Senate plan to repeal Obamacare appears doomed as moderates balk

GOP health care plan appears doomed

WASHINGTON — Senate Majority Leader Mitch McConnell's sudden move to try to repeal Obamacare without a replacement plan appeared doomed Tuesday as at least three moderate Republicans rejected the idea.

Republican Sens. Susan Collins of Maine, Shelley Moore Capito of West Virginia and Lisa Murkowski of Alaska said they will not support a motion to proceed to the bill, which would repeal Obamacare in two years. Without their support, McConnell cannot get the 50 votes he needs to pass a repeal bill.

McConnell proposed the idea late Monday when it became clear that he did not have enough GOP votes to pass the latest Senate version of a replacement bill for the Affordable Care Act.

Although McConnell also appears to lack the votes to pass the repeal bill, he said Tuesday that he plans to have a vote soon on the motion to proceed and see what happens.

"That's what I sense most of us would like to vote on now, and we'll do that in the near future," McConnell told reporters.

If the vote fails, "We will have demonstrated that Republicans by themselves aren't prepared to pass a replacement."

"And we'll have to see what the way forward is," McConnell said, adding that there would likely need to be committee hearings.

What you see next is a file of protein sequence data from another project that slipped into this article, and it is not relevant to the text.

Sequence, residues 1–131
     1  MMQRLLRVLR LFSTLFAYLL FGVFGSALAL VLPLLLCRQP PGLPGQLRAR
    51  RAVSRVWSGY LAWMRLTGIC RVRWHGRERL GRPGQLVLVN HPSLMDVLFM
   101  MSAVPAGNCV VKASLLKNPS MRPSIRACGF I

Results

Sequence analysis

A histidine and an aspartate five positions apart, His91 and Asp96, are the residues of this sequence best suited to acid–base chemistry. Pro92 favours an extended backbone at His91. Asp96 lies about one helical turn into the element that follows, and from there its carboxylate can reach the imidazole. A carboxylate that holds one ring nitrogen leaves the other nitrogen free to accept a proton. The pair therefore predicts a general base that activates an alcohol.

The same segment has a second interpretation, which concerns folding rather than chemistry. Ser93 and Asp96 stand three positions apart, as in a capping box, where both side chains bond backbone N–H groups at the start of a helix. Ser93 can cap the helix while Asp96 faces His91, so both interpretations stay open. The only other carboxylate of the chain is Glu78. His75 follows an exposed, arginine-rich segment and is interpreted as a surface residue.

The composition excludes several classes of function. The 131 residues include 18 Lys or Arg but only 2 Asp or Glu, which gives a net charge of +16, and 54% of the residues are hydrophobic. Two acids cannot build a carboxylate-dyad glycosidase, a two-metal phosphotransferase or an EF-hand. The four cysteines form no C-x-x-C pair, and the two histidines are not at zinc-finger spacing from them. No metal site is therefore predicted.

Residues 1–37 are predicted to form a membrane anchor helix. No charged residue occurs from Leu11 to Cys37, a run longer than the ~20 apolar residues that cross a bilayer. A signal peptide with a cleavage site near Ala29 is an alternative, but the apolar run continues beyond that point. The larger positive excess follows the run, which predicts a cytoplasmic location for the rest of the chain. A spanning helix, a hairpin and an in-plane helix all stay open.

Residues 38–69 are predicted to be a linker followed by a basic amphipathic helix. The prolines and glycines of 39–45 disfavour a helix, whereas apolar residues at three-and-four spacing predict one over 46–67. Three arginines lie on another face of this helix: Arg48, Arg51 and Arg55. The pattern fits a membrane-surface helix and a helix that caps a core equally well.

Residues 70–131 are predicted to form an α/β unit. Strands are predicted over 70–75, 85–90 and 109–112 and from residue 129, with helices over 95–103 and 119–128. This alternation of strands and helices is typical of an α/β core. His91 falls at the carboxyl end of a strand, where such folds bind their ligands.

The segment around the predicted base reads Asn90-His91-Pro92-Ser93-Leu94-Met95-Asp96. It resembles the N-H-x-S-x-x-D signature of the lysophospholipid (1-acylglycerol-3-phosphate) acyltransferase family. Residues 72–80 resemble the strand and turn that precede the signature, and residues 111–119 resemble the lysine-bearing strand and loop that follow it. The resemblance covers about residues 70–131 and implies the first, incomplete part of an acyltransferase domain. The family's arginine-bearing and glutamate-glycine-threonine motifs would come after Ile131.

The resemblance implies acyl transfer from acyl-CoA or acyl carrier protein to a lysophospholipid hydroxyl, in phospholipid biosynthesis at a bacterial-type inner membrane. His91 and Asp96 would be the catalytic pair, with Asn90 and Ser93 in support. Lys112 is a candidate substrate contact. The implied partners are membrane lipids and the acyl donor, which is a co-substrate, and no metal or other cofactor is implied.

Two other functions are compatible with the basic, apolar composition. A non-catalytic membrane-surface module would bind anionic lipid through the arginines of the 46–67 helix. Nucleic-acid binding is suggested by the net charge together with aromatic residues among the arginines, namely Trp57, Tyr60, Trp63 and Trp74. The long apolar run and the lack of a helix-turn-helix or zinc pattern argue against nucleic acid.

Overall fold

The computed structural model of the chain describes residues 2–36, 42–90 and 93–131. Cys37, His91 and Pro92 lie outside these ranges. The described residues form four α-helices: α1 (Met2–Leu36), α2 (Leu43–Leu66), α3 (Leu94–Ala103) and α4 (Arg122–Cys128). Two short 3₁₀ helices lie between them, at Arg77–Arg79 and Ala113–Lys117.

After the vote on the repeal bill — however it turns out — the Senate Health, Education, Labor and Pensions Committee will hold hearings during the next few weeks to discuss how to stabilize the individual insurance market, said Chairman Lamar Alexander, R-Tenn.

Capito said Tuesday she "did not come to Washington to hurt people." She said she could not support any bill that would harm West Virginians who depend on Obamacare's expansion of Medicaid to provide basic medical coverage or help pay for treatment for opioid addiction. 

"I do not think that it’s constructive to repeal a law that is so interwoven within our health care system without having a replacement plan in place," Collins said Tuesday. "We can’t just hope that we will pass a replacement within the next two years. Repealing without a replacement would create great uncertainty for individuals who rely on the ACA and cause further turmoil in the insurance markets."

Both Collins and Murkowski said senators need to hold committee hearings to begin work on a new health care bill that can attract bipartisan support.

"It’s where we should have started," Murkowski said. "Work on a bipartisan basis. And yes this is hard, let’s just all acknowledge that, but I think what has to happen is the Republicans have to admit that some of the things in the ACA we actually liked. And the Democrats have to admit that some of the things they voted for in the ACA are broken and need to be fixed. And we need to come together in open committee, we need to hash it through, take up amendments, try to build a consensus product but do it in a way that the public feels that we are working toward their best interests."